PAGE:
When most people think of snakes, they picture poisonous vipers. Luckily, this is not the case for 19 out of the 21 species common in Wisconsin. Just like most animals, these misunderstood reptiles have gotten a bad reputation. Snakes have a purpose in nature. Many homeowners do not mind them because they are an excellent natural answer to rodent control. However, you do not want to see too many of them in your backyard, or have them hiding in your walls, or getting into your basement. This is not an uncommon occurrence, as snakes may be attracted to your property if there is a high population of rodents or insects nearby. These increased populations provides an excellent food source for these reptiles. Our pest control team can easily help remove snakes from your property if they have become a nuisance.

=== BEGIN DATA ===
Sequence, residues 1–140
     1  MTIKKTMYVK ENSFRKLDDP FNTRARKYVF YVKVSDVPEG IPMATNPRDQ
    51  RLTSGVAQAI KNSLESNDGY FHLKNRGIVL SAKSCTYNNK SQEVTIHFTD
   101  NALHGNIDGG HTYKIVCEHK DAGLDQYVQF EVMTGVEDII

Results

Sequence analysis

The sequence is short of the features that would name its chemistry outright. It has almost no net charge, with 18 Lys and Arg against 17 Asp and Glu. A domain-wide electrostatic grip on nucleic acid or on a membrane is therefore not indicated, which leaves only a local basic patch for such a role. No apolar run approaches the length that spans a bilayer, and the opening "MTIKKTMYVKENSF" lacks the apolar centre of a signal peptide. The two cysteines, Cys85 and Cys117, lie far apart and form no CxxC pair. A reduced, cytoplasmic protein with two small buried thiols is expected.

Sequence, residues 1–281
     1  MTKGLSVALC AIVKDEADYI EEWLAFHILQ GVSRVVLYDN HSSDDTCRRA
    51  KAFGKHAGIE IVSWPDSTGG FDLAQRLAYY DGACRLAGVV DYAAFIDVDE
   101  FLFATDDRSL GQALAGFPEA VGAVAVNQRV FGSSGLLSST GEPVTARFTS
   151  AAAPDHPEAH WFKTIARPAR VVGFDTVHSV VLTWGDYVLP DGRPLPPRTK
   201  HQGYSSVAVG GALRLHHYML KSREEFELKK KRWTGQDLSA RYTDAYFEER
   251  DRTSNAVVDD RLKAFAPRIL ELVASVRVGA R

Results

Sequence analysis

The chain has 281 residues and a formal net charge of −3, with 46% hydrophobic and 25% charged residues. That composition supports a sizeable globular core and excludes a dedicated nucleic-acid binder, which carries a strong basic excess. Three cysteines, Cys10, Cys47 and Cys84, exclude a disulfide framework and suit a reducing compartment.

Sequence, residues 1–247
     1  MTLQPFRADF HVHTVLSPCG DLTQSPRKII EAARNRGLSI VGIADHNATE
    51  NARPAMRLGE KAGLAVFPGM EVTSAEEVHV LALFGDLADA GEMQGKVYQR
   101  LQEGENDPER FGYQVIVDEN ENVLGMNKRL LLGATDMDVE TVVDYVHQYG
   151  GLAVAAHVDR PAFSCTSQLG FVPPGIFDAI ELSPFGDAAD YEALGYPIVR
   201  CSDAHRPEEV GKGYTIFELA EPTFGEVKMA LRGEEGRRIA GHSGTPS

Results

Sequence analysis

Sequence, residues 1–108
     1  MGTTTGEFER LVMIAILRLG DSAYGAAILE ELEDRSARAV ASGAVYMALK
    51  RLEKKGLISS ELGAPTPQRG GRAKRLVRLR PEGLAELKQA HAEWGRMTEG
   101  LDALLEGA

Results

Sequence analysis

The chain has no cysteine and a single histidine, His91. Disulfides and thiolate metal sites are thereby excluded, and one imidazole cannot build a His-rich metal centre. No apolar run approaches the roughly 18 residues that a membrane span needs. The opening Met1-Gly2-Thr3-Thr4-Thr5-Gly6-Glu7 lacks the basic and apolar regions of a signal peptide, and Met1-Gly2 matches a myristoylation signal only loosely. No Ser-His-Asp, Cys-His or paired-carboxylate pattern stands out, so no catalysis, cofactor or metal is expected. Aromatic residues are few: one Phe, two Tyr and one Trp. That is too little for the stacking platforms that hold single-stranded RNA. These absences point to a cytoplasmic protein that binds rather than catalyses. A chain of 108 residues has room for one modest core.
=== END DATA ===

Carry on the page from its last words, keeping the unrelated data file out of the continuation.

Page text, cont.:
History of the Forked-Tongue Serpent
Did you know snakes smell by using those wild, forked tongues? Not only are they smelling for mates, they can actually scent danger in the air. Furthermore, they are as ancient as dinosaurs. Over the eons, they’ve become highly evolved predators. Snakes are carnivores, and their diets consist mainly of mice, snails, earthworms, salamanders, spiders, voles, frogs and sometimes baby animals. Wisconsin snakes are constrictors, meaning they squeeze their prey until it suffocates. Even though they are highly evolved hunters, they rely completely on their external environment for their survival. One example of this is the fact that snakes are ectothermic, meaning their surrounding control their internal temperature. Hence, you may see snakes “sunning” themselves on a cool, spring day. On the other hand, they may go underground or under foliage on a hot, summer day.